Only 15 kilometers from the main entrance you’ll find the beautiful white sand beach, Bama Beach. Here you’ll find mangroves, tropical fish, and a vibrant coral reef. The beach at sunrise is incredible. Wild boars often come in the morning just after sunrise!
Malang and Batu
Even the most adventurous travelers need a place to relax and a town to explore. My picks are Malang and Batu. Malang was the seat of power in Java’s Hindu past and the Dutch took a great liking to its relatively cool, fresh climate in the colonial period.
Take a stroll around the leafy streets of Malang, which is famous for its colonial architecture, or explore the ancient Singosari temples. These temples were built between 1222 and 1292AD and are mainly dedicated to the kings of the Singosari dynasty. In the city center, a great first stop is Ijen Boulevard. This is a quite beautiful street lined with tropical trees against a backdrop of old colonial structures.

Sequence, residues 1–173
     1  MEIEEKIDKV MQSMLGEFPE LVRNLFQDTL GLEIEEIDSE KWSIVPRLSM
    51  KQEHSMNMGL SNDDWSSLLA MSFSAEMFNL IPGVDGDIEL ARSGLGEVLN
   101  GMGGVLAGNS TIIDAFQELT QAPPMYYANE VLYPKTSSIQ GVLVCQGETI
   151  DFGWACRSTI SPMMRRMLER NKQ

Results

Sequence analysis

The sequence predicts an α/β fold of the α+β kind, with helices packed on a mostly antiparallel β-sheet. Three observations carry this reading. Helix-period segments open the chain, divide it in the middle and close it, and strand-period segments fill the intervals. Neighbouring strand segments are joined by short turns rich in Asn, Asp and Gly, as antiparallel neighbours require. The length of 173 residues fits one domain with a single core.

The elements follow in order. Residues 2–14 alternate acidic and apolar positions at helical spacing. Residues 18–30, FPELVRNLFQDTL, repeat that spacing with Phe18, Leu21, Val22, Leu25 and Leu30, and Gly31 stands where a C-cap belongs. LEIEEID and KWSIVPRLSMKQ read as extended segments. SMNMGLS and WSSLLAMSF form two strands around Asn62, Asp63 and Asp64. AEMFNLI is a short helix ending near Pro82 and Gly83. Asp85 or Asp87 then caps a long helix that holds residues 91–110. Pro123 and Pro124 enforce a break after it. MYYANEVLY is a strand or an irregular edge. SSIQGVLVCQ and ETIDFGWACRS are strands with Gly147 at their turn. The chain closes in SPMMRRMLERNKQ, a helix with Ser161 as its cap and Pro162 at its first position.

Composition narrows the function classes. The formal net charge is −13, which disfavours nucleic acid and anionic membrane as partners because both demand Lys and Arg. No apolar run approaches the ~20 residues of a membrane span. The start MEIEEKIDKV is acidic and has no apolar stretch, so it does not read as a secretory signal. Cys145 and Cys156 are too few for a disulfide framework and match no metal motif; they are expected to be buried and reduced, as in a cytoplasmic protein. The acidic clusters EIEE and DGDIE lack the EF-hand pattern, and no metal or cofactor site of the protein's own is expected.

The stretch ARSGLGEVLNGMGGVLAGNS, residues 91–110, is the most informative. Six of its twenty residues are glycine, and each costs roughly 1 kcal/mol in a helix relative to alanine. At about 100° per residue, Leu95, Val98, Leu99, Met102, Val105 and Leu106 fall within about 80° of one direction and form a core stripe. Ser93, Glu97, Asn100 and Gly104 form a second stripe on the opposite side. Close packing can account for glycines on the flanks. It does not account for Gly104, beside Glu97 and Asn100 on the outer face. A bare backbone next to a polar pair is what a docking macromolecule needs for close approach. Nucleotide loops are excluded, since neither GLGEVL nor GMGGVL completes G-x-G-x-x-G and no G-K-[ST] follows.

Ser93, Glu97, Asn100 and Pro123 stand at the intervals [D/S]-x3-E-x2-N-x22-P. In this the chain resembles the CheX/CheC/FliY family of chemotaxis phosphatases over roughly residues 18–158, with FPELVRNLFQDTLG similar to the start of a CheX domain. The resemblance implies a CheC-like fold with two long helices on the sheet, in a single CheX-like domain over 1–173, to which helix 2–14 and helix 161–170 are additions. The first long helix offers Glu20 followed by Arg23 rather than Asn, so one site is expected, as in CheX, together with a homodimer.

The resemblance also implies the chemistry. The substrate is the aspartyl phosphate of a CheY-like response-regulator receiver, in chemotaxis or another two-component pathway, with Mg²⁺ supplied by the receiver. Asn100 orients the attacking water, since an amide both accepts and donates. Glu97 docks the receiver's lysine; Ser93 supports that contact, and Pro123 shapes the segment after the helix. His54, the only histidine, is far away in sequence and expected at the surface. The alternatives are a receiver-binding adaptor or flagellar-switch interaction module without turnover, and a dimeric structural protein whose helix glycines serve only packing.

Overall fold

Just a 30-minute drive from Malang is Batu. This cool, fresh hill town was a retreat for the Dutch in colonial days but now serves as a weekend house haven for wealthy local business people from Surabaya and Malang. The area is also a major agricultural center with apple orchards and a large number of orchid nurseries.
Adventures in East Java
From volcanic sunrise to aqua blue sulfur craters, to wild pigs playing at the beach, there are so many incredible things to see in East Java. If you’re looking for a bit of outdoor adventure, and enjoy hiking, culture, diving, wildlife and waking up for the sunrise, I suggest you forget Bali and get yourself on a plane to Java!
…. Or you could always see both.
Have any of you visited East Java? What would you recommend?
7 comments on “Adventurous Travelers: Forget Bali, Head to East Java”